Molto, tanto, poco, troppo!

Molto, tanto, poco, troppo!

The Italian words molto/tanto/troppo/poco can be used as adverbs (words that modify or limit a verb, eg ‘well’, ‘very’) or as adjectives (words that describe a noun, eg ‘beautiful’). In the former case, the words do not change whereas in the latter they agree with the noun that they refer to. Check out the following examples.

Ho mangiato molto/tanto/troppo/poco.
I’ve had a lot/too much/ little to eat.

Gli operai non chiedono molto – solo una giusta paga.
The workers are not asking for much – just a fair wage.

Ho una giornata molto impegnativa domani allora non ci possiamo incontrare per pranzo.
I have a very busy day tomorrow so we cannot meet for lunch.

Sono molto occupata al momento – rispondi tu al telefono.
I’m very busy at the moment – you answer the phone.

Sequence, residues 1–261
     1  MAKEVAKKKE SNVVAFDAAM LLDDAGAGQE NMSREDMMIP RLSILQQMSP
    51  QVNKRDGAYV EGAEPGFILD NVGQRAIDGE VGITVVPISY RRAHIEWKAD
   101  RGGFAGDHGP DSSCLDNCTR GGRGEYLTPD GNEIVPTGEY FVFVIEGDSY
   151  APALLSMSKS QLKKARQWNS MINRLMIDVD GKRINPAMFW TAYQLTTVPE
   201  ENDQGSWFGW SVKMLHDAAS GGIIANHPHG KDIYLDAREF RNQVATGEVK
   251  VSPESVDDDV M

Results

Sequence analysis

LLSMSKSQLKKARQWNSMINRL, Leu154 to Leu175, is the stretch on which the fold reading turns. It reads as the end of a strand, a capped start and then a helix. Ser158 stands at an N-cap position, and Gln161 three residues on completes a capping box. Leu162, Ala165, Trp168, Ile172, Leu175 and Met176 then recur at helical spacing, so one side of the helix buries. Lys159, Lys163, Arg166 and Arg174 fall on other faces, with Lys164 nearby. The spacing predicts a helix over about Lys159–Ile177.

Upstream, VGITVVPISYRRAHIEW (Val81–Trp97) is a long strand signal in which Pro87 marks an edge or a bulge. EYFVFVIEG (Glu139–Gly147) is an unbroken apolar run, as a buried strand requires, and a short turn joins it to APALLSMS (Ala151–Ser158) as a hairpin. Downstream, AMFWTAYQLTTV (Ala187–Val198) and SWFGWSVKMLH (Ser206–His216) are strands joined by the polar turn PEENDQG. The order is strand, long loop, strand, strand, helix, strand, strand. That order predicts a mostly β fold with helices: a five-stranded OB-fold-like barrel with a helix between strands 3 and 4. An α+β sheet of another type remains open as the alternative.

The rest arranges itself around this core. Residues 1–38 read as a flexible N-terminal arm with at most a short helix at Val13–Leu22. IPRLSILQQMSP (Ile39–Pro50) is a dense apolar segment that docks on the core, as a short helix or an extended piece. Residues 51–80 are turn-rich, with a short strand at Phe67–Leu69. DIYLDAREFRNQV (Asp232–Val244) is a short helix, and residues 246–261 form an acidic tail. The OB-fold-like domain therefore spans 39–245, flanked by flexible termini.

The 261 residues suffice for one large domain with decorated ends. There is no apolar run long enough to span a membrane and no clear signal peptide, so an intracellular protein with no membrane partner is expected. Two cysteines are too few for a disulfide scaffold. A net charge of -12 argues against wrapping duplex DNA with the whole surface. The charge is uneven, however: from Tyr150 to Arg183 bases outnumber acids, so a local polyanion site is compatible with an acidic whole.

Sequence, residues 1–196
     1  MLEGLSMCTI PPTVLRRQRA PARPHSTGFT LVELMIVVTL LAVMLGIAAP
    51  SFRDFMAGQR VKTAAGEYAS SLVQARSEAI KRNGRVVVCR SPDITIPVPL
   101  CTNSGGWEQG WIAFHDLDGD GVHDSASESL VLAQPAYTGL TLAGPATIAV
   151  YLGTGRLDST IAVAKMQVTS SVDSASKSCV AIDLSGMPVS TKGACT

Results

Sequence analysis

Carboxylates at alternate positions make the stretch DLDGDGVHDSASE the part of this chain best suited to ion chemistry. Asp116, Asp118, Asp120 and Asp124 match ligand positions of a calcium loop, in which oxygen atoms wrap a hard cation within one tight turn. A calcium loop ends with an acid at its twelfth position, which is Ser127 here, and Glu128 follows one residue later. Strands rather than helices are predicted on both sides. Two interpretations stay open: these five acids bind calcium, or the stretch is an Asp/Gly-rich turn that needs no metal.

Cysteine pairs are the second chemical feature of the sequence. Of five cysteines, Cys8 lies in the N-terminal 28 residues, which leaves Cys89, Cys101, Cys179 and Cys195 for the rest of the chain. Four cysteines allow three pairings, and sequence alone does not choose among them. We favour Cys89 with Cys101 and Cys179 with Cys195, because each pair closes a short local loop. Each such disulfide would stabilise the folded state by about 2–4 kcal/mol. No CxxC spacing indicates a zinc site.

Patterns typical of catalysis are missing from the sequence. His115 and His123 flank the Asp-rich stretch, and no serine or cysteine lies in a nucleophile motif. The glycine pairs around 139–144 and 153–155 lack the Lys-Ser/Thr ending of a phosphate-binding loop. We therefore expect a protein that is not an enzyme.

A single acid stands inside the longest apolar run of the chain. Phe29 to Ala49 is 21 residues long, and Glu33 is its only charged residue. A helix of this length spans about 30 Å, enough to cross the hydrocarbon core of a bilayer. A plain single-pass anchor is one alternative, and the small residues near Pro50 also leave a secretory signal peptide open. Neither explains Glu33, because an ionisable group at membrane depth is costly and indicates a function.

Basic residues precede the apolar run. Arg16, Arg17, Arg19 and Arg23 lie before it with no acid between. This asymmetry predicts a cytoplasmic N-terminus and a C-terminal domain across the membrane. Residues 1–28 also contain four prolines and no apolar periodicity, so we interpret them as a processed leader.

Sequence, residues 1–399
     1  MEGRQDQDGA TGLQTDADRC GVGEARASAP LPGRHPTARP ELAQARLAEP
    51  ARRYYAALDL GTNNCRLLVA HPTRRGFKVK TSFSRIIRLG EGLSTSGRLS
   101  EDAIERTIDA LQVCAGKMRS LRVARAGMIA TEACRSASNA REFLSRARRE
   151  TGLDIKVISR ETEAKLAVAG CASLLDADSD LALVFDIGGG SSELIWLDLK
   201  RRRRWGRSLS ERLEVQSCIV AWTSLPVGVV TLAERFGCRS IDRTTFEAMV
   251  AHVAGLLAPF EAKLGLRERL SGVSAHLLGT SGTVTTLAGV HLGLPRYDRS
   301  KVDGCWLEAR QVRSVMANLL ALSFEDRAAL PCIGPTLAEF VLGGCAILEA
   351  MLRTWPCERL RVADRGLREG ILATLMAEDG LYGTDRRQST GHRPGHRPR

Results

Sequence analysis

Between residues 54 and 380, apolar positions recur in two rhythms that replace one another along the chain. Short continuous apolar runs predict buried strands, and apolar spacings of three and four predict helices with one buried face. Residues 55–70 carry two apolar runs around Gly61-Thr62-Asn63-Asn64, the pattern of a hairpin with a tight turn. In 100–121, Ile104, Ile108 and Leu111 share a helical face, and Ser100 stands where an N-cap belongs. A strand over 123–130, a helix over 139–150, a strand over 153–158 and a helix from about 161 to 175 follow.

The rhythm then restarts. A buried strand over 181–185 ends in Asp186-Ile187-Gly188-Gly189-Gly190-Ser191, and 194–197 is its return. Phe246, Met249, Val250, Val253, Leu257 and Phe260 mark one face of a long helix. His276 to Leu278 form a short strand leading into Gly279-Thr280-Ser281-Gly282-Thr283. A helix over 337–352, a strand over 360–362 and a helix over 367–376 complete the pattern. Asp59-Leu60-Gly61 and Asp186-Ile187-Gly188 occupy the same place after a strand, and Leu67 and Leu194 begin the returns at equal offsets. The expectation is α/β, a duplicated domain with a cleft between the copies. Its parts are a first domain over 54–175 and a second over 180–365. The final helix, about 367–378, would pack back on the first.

Abbiamo visto molti/tanti fiori al festival.
We saw many/a lot of flowers at the festival.

Quella signora ha pochi amici perché non è un tipo simpatico.
That lady doesn’t have many friends because she’s not a nice person.

In Italia ci sono troppi partiti politici.
In Italy there are too many political parties.

La bambina ha mangiato troppe paste e adesso ha mal di pancia.
The little girl has had too many pastries and now she’s got a tummy ache.

Ho molta fame, sete, paura (fem. nouns); molto freddo, caldo, sonno (masc. nouns).
I am very hungry, thirsty, afraid; very cold, warm, sleepy [agrees with the gender of the noun. Note also that in English you use an adjective whereas in Italian you use a noun].

La fidanzata di Gianni è molto alta e bella.
Gianni’s girlfriend is very tall and beautiful.

Yvette Devlin